WorldPost: Some have referred to Macron’s labor reforms as adopting the so-called “Nordic model” in France. That model entails a less rigid, more liberalized labor market in terms of hiring and firing to accord with market dynamism but a stronger safety net for those whose employment has been “disrupted” — something that will become more common in the perpetually innovating, knowledge-driven economy of the future. Can you describe the key elements of the reform and their aims?
Jean Pisani-Ferry: That is a fair characterization. The reforms currently under discussion combine a broadening of the access to unemployment insurance that would eventually turn it into a universal safety net for all those suffering an income drop as a consequence of economic disruption, irrespective of their status. Furthermore, it should be accessible, under certain qualifying criteria, to employees who have resigned from a job to look for another one.
In the traditional French system, unemployment insurance is reserved for employees who have contributed for a minimum period. It is a sort of mandatory insurance and is attached to the wage-earner status. Such an approach is increasingly outdated in the gig economy: a growing number of people move from employee to independent status and back, or they combine different statuses at the same time. Hence the need for universalization and its corollary, strict eligibility conditions.
So these reforms involve a change of philosophy. If successful, they may put us on track toward an economy that combines flexibility and worker protection.
WorldPost: This model works well in the Nordic countries because labor unions are less hostile to business and more collaborative when it comes to innovation that enhances productivity. Is the French labor culture up to this change?
Pisani-Ferry: Not all labor unions are hostile to business and even those that are hostile to capitalism often enter into agreements at the company level, whereas they reject them at the national level. Furthermore, unions are not the only ones to blame. Compared to Germany, for example, French employers are often less willing to give a voice to their employees. So our adversarial industrial relations culture is no doubt there, but it is less universal or less antagonistic than sometimes thought. In any case, things must change, which is the aim of the reforms.
WorldPost: How do you respond to the criticism of those who argue that reform is really aimed at making the French labor market “more American” and that it will just create an insecure precariat and gig economy like in the United States, where more and more people work in mini-jobs with no benefits or long-term security?
Pisani-Ferry: We have already become more American. Job security has diminished, and the gig economy is already here. Blame digital technology, deindustrialization, globalization — you name it. The risk now is that dualism becomes entrenched, with secure, well-paid jobs at one end and precarious, low-paid jobs at the other end. The consequences for the young and those who have lost good jobs are terrible because a fixed-term contract also excludes you from the housing and credit market. That’s not the type of society we should aim for. Nor is it the sort of economy that would foster the acquisition of skills and productivity gains.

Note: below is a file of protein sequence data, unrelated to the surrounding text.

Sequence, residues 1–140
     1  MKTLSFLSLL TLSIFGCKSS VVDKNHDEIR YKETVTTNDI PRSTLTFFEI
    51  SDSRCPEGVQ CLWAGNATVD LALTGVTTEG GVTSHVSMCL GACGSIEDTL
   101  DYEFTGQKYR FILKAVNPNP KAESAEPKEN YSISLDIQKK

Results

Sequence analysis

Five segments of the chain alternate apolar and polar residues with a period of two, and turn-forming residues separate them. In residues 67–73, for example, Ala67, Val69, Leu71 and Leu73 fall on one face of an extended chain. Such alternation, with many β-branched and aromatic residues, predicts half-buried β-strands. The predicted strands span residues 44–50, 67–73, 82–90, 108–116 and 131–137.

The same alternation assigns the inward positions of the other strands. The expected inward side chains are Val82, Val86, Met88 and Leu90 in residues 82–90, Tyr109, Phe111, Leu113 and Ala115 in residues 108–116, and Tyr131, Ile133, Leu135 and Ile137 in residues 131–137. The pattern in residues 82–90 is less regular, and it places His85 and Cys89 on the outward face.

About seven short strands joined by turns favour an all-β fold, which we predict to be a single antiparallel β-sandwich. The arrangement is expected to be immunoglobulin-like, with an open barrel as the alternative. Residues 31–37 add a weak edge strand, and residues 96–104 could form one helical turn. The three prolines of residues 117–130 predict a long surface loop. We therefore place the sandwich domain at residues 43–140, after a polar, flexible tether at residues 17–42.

WorldPost: Are you confident all these reforms will be passed and implemented?
Pisani-Ferry: The first batch of reforms — those dealing with union representation, collective negotiation and dismissal provisions — are already part of the legislation. That battle is over. We’ll see gradually what impact they have. I do not expect the second batch of reforms on unemployment insurance and professional training and apprenticeship to be blocked either. There will be tough discussions, but these are business-to-business matters, not subjects that mobilize citizens.
The next step, starting next year, will be pension reform, again with the aim of creating a universal pension system that favors transparency, predictability and mobility. This is fairly ambitious but in my view an essential reform because our fragmented and opaque pension system epitomizes inequality of rights among citizens and the many obstacles there are to freedom of choice for participants in the labor force.
WorldPost: In a sense, the Macron proposals follow the reforms of former Social Democratic Chancellor Gerhard Schroeder in Germany over a decade ago that helped the country move from being “the sick man of Europe” to the most robust and prosperous. If the French economy and German economy are more structurally aligned, the core of Europe will be strengthened and Europe as a whole will be more globally competitive. Is this the secondary aim of the reforms? What are the prospects?
Pisani-Ferry: The purpose of reforms is first and foremost to improve the function of the French labor market and the French economy. That being said, reforms in France also have spillover effects on the rest of the eurozone, because France is a large country. So a welcome side effect of domestic reforms is that they make the whole eurozone work better.
Now, it is true that reforms in France are widely regarded as a precondition to deeper discussions on the future of the eurozone, particularly with our German neighbors. And a more integrated Europe is very much part of President Macron’s vision. He has challenged the status quo in Europe by calling for a common European Union defense fund, tax harmonization and a joint eurozone budget. By doing his part to get the French house in order, Macron intends to dispel common and poisonous suspicions in Germany that France and other member states hope to solve their problems with German money instead of domestic sweat. Removing that suspicion by actions instead of words is at the heart of Macron’s European strategy.
This was produced by The WorldPost, a partnership of the Berggruen Institute and The Washington Post.